Proper measures now will help with 2013 gardening

From Mike Skipper Winston County Coordinator

It’s really hard to believe that 2012 has come and gone; yet even harder to believe that we are rolling through January so quickly. Before you know it spring will be here and all of us will be ready to spend some quality time outdoors.

Recently, I received several calls in regards to problems with plants in the landscape and when these issues were addressed the problems were actually caused by the misuse of mulch materials. Mulch is really great when used correctly, but it can cause major problems with the health of plants as well as the overall growth if used incorrectly.

Mulch is simply a layer of porous materials that are used to cover the surface of soil. These materials are either organic or inorganic. Organic materials include bark, wood chips, pine straw, grass clippings, leaf litter or composted leaves. Inorganic materials would be things like gravel, crushed rock, lava rock or landscape fabrics.

Inorganic materials last a lifetime, because they do not break down. Another advantage is that most of these materials are considered to be fire wise because of their low flammability.

The beauty of organic materials is that as they breakdown, organic matter and nutrients are added to the soil. However, because they do breakdown quickly, homeowners must add a fresh layer each year. Unlike inorganic materials, most organic materials are moderate to highly flammable materials.

A good 2-4 inch layer of mulch provides several benefits to plants and soils such as minimizing weed competition, moderating soil temperatures, improving soil structures, retain erosion and reduce soil compaction, just to name a few. Mulch is also extremely attentive to landscape areas as well as enhancing the overall landscape design.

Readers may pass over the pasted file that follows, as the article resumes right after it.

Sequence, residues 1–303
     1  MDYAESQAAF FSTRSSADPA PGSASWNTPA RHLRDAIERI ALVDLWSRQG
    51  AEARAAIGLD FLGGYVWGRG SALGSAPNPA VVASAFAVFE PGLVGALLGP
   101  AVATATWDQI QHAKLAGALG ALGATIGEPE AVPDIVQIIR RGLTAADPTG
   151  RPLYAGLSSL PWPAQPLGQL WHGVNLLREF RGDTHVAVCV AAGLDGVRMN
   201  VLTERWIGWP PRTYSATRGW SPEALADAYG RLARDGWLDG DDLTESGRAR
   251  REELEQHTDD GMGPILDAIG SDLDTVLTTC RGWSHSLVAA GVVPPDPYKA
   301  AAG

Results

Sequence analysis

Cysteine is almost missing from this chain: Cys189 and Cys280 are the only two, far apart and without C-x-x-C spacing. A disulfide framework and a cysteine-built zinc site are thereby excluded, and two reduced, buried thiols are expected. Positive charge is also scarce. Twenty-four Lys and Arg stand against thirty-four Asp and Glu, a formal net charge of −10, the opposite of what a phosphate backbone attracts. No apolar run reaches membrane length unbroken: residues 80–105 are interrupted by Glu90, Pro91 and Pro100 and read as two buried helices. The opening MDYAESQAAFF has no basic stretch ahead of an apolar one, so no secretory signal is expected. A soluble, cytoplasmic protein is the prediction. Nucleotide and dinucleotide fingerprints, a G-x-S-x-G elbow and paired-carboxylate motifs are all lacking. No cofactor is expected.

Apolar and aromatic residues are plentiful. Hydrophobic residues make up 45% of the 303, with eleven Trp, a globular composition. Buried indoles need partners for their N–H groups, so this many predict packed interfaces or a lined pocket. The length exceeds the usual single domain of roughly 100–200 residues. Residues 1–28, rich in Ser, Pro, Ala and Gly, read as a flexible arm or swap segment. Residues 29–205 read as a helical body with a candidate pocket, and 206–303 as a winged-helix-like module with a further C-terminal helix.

When mulching, remember that the fibrous roots of plants extend well past the drip lines, so apply your mulch over as large of an area as possible. Do not apply mulch on stems, trunks or root flares of trees, and always leave a few inches of bare soil around young plants.

There are several problems associated with using too much mulch around your plants: • Contributes to root rot by reducing aeration and trapment of water •Promotes the development of roots into the mulch material instead of into the soil • Retards root development, which leads to the reduction of shoot/ leaf growth • Provides increased habitat area for rodents • Inhibits the movement of needed oxygen and water to the soil profile.

The reality is that the right amount of mulch around landscape plants helps sustain both healthy plants and soils, however too much or even too little exposes both plants and soils to environmental and biological stress.

For more information, please contact the Winston County Extension Office at 773-3091.